Please remember to register early on the AABA website. The price for online registration is $20.00 for AABA Members, and $35.00 for Guests. The price at the door will be $30.00 for AABA members, and $40.00 for guests. Online registration will end on Wednesday, December 2, 2015 at 11:00 pm.
All judges are invited to attend our annual Holiday Party and will receive complimentary admission.
The Honorable Stuart L. Hing, a judge for the Superior Court of Alameda County, will be conducting a swearing-in ceremony for all bar passers at the holiday party. If you are a recent bar passer that is interested in participating, please contact the Social Committee.
The parking lots closest to Butterfly Restaurant are located directly across the street from the restaurant on Bay Street at Embarcadero, and they are also located at Pier 31 and Pier 27. There is also metered parking on the street and a two hour parking zone as well.
The closest muni line, Line F, is located one block away from the restaurant. RSVP HERE.
For more information, please email Social Committee Co-Chair Emily Tam at firstname.lastname@example.org. We look forward to seeing you all at our Holiday Party!
Saturday, Dec. 5, 2015
10:00 a.m. – 1:00 p.m.
Project Glimmer Warehouse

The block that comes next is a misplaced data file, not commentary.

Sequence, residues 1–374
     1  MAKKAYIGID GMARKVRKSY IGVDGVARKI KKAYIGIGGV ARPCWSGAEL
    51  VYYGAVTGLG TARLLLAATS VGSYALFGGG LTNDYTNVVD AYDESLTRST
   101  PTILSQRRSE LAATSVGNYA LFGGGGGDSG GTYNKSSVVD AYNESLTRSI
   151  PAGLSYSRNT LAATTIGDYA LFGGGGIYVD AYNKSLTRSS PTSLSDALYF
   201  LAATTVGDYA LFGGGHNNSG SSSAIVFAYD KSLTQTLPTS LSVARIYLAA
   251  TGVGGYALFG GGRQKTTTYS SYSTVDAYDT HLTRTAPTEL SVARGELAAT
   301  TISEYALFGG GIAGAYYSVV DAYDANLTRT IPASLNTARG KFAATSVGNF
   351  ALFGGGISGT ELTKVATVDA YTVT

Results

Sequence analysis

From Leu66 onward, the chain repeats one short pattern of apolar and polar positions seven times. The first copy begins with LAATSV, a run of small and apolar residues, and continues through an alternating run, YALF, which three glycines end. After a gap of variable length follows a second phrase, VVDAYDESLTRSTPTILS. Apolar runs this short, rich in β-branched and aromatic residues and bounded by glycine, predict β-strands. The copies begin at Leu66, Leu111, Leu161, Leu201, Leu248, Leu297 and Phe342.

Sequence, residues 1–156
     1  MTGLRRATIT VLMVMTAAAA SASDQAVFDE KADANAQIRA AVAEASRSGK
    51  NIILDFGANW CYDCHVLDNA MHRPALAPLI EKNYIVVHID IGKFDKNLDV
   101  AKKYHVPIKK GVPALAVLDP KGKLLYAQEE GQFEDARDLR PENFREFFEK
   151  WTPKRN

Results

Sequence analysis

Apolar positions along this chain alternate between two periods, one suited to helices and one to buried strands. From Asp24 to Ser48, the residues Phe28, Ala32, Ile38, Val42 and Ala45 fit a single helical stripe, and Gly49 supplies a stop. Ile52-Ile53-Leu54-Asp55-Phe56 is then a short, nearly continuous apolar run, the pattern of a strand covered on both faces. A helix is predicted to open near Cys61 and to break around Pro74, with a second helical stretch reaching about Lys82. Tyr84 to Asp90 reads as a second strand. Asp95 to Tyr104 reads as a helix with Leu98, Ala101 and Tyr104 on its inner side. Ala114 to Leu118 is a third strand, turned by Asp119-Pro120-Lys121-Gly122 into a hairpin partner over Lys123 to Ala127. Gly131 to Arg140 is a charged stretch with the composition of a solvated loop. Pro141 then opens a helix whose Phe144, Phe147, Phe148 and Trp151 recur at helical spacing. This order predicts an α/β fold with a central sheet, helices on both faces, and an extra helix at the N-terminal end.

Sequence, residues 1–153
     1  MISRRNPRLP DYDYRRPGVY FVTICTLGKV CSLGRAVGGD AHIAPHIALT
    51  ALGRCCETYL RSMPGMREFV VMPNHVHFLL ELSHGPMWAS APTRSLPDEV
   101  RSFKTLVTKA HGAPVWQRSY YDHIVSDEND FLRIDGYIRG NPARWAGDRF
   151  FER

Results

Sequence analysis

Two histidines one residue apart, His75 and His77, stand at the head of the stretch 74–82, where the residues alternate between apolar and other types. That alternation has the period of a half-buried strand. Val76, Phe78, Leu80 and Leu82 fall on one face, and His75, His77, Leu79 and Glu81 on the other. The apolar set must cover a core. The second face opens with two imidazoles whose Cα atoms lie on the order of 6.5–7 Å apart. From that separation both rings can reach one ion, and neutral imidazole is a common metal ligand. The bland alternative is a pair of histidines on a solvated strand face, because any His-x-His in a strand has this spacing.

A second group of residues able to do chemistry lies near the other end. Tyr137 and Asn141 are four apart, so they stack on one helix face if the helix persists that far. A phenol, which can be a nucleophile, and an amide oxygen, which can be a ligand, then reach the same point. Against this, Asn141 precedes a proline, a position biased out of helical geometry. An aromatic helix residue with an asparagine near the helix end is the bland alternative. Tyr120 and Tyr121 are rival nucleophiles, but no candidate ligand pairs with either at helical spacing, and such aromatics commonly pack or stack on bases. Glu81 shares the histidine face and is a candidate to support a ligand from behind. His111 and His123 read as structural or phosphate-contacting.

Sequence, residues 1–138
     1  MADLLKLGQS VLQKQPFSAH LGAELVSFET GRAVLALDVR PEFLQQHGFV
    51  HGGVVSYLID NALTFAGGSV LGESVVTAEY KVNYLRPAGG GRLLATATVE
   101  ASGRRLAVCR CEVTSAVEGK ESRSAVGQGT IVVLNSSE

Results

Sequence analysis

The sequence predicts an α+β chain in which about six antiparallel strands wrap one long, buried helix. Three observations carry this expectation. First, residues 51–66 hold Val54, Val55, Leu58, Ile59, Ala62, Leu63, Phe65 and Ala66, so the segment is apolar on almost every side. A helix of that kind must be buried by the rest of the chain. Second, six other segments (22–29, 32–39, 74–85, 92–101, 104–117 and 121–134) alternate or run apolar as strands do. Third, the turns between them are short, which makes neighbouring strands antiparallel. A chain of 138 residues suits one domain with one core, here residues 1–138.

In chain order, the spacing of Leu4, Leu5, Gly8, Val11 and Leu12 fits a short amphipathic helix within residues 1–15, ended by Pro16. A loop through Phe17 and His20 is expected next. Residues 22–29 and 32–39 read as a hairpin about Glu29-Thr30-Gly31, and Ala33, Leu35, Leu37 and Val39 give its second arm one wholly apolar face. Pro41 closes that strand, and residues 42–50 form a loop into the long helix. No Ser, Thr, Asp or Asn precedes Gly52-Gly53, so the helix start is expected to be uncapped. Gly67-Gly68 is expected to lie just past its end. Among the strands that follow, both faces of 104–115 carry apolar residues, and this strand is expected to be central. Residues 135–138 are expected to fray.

560 Forbes Blvd. Room A. South San Francisco, CA 94080
AABA CSC have teamed up with Project Glimmer again this year to do a volunteer project in December – the season of giving!
Project Glimmer is a nonprofit that gives holiday gifts to at-risk teenage girls and women across the U.S. At this event, we will be participating in their Boxing Joy Weekend, where volunteers get together to sort, clean, wrap, and prepare gifts that were donated throughout the year.
There is limited space, so please RSVP sooner than later or you may miss out. If you have any questions, email Stephen Chong (email@example.com), Ly Ly (firstname.lastname@example.org), or Claire Choo (email@example.com).
Excerpts from the Induction Speech by AABA President, Eumi K. Lee
I am truly humbled to take the helm of AABA, as the fifteenth female – and the first Korean American female – president.